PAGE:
Friday, October 8, 2010

Bob Larson- The Exorcist Exposed

Watch Reverend Bob Larson speak about exorcism. He says that the most common cause of demonic possession is sexual abuse (accounting for 50% of demonic possession). He even performs many of his exorcisms publicly. 
The second half of the clip shows Fox interrogating him about his finances since many people claim he has cheated people for money. 

Thursday, September 30, 2010

Exorcism in India

After trying doctors, as a last resort, people with debilitating ailments often consult the exorcist. In this clip, you get to see the case of a 15 year old girl, Munee, who seeks the help of the exorcist after battling with depression and strange behavior for 8 months. The exorcist puts her into a trance and communicates with the spirit possessing her. 

Tuesday, September 21, 2010

Afflictions: Culture & Mental Illness in Indonesia (Trailer)

Here's another clip which depicts mental illness in Indonesia. This film is one of the first films on mental illness in the developing world.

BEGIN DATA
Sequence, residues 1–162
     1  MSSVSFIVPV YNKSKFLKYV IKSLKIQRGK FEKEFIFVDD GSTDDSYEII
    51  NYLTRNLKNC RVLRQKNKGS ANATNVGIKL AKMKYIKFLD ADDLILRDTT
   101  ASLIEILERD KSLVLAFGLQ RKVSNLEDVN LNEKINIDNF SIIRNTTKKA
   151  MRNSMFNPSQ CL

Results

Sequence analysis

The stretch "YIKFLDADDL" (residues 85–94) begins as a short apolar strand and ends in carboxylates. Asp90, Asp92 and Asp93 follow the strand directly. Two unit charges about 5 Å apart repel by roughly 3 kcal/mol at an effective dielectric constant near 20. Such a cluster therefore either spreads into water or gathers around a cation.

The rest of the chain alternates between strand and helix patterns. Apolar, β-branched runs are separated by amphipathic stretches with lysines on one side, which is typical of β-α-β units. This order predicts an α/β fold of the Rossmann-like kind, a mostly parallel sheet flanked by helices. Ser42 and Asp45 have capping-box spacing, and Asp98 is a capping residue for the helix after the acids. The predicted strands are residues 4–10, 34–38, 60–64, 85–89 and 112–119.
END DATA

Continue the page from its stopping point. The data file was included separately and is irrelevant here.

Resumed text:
From the youtube commentary:
Based on footage shot over 12 years in Bali and Java (Indonesia). The film explores the relationship between culture, mental illness, and personal experience. The role of traditional medicine vs. psychiatric treatment, family support, community rejection or acceptance, and beliefs about its causes are explored in three case studies. 

Monday, September 13, 2010

Indian Girl with Pica

This is a video of an Indian girl, Pakeeza, who has Pica. It's an eating disorder where the person has an appetite for non-nutritive substances like coal, soil, paper, etc.

Fortunately, Pakeeza has not shown any health problems, even though she eats pebbles and bricks.

Little research has been done on the causes of pica. However, recently cases of pica have been linked to obsessive- compulsive disorder.  

Wednesday, September 8, 2010

Howard Dully's Journey: 'My Lobotomy'

Howard Dully's Journey: 'My Lobotomy'

Following up from last week, this is an interview with Howard Dully, one of the youngest recipients of the ice- pick lobotomy. He was 12 years old at the time. Now, he is a 61 year old bus driver who went on a quest to find out details of what happened to him. He gives details in his critically well- received memoir "My Lobotomy".